Several news sources report that Gumri mayor Vardan Ghukasyan’s son – Spartak Ghukasyan, has handed himself to authorities late last week. Spartak Ghukasyan had gone into hiding after apparently initiating a high profile shootout in the city center back in May. The incident, which involved the son of a Bargavach Hayastan (Prosperous Armenia) party member and injured several civilian bystanders, rocked the city and made headline news in the country. In what is to be considered an exceptional case, the authorities were compelled to display force by commissioning special police units into the city. Aravot cites unnamed sources suggesting that Vardan Ghukasyan had received an ultimatum on surrendering his son, from the president, otherwise risking loosing his post. The daily further suggests that pressure was also applied by the prime minister. The fact that Spartak Ghukasyan handed himself over to authorities appears to confirm this information.
There are so many “pop-stars” in Armenia, that it is becoming hard to find ordinary people in this country – after all, we are only 3 million!
While it all started with Artur Grigoryan’s Theatre of Song, it was ALM and Shant TV who spoiled Armenian music landscape once and for all. Yesterday I spent 5-6 minutes watching some kind of new music star show on Shant TV, and then another one on Armenia TV, only to turn to ALM and find Tigran Karapetovich complaining, that Shant has taken away all his stars: diamonds, jewels, etc. The problem, as I see it, is not that we have too many stars and star shows, the problem is – we don’t have even a single pop-star!!! All this fighting for “stars”, calling names to each other, etc is just ridiculous. We don’t have anyone we can speak of as our home-bread Armenian music star, which the world would recognize.
This news item I saw today on A1plus, in which Nune Yesayan and Shushan Petrosyan are complaining about the new singers who hinder former stars, was the end of it. I can’t bear and will just shout: “SHUT UP YOU ALL”! What is it you are fighting for? This miserable media market, which can’t sustain even a single star? Or are you complaining, because the new kids have taken your place near the table of the ruling political force – when they go on their pre-election campaign? This is just ridiculous…
The jumpy Caucasian Tiger – i.e. Armenia’s economy grew by 11,2% in January-June of 2007, according to Banks.am, and it looks as if life has gone for good to better, with average monthly salary increasing by 20.5% as compared to the same period of 2006, thus making 71344 drams.
Somehow all these growth figures make me remember the Soviet times with impressive growth figures being reported each year, while people could hardly find anything in the shops. Today, one can find everything in the newly built shiny shops, but how much of that is affordable? In a recent post over quality of life, I’ve spoken about how figures and reality don’t add up. Is it all thanks to the National Statistical Service of Armenia? I wouldn’t be surprised to find out, that the guys there have no clue about statistics – you would hardly expect a brilliant scientist working there on the average salary of 52491 drams as they have gladly reported, noting that it represents a 22.1% rise for organizations feeding from the state budget.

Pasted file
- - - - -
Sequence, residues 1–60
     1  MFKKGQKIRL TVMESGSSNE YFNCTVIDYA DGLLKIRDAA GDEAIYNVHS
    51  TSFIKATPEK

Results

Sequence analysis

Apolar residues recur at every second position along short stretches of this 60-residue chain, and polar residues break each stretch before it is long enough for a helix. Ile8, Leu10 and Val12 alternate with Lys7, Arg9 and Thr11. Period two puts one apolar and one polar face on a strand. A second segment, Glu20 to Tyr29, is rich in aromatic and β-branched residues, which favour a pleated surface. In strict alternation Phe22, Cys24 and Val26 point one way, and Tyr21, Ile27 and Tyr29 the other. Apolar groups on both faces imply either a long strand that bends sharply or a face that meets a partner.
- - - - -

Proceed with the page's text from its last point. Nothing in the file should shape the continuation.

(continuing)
Another way I can explain the degrading quality of life despite growth figures in the economy is the foreign trade turnover of Armenia:
[Banks.am, Mediamax, July 20, 2007] The foreign trade turnover of Armenia in January-June of 2007 totaled 674.7bln drams or $1892.0mln, having increased by 36,5% as compared to the same period of 2006.
As the press service of the National Statistical Service of Armenia told Mediamax today, the export volume during the accounting period made 187.7bln drams or $527.0mln, and the import volume totaled 487.0bln drams or $1365.0mln.
The deficit of the foreign trade balance in January-June of 2007 stood at 299.3bln drams or $838mln.
With the tendency of Armenian Dram’s exchange rate growth vs all major currencies of the world it seems like we will soon stop selling anything abroad. On the experience of my own household, I wouldn’t expect to live better, if I’m buying everything I need to survive, and not bringing any money home. Is there any economist over there to help me change my mind?
[A1plus | 16 July, 2007] A Mersedes car with 45 ՏՕ 005 number has hit a tree, then the metal electricity tower around 21:10, on July 15, which has caused the death of 5 of 7 passengers, while the 2 others have been taken to Gyumri hospital after Gyulbenkyan.
[Yerkir-Media | 16 July, 2007] also carries the sad news with a video update. As I personally travel this road nearly every weekend, I have to state, that this year only I’ve eye-witnessed 4 accidents on that road. The problem with the highway is that, while it was built back in the 70s, when cars were a relative rarity, nothing has been done to expand/widen it to meet the demands of the day. While the officials keep saying, that 18-20,000 new cars are entering Armenia every day, and while all the road infrastructure in Yerevan is under reconstruction, nobody has been talking even about any remote plans to expand the key road which connects Armenia with Georgia and is one of the three main import-export highways for the country. As the amount of cars, including large trucks carrying goods back and forth increases, the only sensible solution would have been to build a second road along the old one, and organize traffic on one direction on each segment. Even with that the amount of traffic would be very high, but at least the number of traffic accidents would decrease, and lives would be saved – which is all that matters after all, isn’t it?